Another economic analysis has concluded that a recession is not in America’s near future.
The Economics Group at Wells Fargo Securities says it raised the R question after a widely watched assessment of manufacturing activity came up with bad news two months in a row.
Those gloomy reports from the Institute of Supply Management already lead Gluskin Sheff + Associates Inc. chief economist David Rosenberg to issue a report waiving off recession worries. He says consumers will pull U.S. through.
At Wells Fargo, economists Tim Quinlan and Sarah House noted that similar regional readings on manufacturing have been ugly even longer. And other “hard data,” such as industrial production and factory orders, add to the sense that manufacturing might be in a recession, their report said.
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This is important because if manufacturing is in a recession, the rest of the economy might not be far behind. Wells Fargo’s report notes that “manufacturing recessions have historically led economy-wide recessions.” It said a recession in manufacturing preceded the last two U.S. recessions by 11 and four months, respectively.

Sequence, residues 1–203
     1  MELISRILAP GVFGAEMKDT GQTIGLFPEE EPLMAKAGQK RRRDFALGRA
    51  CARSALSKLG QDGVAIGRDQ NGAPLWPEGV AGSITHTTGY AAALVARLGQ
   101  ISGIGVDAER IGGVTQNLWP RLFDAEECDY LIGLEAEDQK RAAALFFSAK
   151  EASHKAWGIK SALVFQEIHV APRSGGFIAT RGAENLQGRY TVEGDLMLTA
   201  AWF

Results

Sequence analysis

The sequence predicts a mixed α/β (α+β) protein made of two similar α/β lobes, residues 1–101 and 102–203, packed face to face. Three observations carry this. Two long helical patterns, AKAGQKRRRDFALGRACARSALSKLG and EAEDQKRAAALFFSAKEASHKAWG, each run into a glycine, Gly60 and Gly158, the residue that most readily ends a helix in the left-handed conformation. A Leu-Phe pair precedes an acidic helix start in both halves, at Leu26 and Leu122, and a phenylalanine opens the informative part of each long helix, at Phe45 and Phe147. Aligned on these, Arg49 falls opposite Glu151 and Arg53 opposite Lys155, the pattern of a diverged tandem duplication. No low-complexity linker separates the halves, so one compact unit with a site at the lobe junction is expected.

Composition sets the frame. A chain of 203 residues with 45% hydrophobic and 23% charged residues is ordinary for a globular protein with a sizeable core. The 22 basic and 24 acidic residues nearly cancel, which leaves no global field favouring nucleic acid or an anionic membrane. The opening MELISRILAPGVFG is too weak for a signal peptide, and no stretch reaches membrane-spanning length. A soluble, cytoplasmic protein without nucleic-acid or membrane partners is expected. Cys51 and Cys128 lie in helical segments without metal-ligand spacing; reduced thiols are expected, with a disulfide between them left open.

But a broader recession has not always followed a manufacturing recession.
The two economists found that manufacturing recessions hit in 2003 and in 1985-86 without the rest of the economy following along.
“In each of these occasions, the broader economy continued to expand despite the headwinds confronting the manufacturing sector,” they wrote.
Also, they reported, U.S. manufacturing activity had fallen flat several times – in 1993, 1996, 1998 and 2012-13 – without even a manufacturing recession developing.
And “flat” essentially is where they say manufacturing is now. Not in a recession all its own.
They based this conclusion on a deeper dive into manufacturing data on employment, production, income and sales – the same four factors the National Bureau of Economic Research uses in its official determination of whether a broad U.S. recession has happened.
“On that basis the rampant concerns about a manufacturing led recession are overblown, at least at this point, in our view,” Quinlan and House concluded in their report.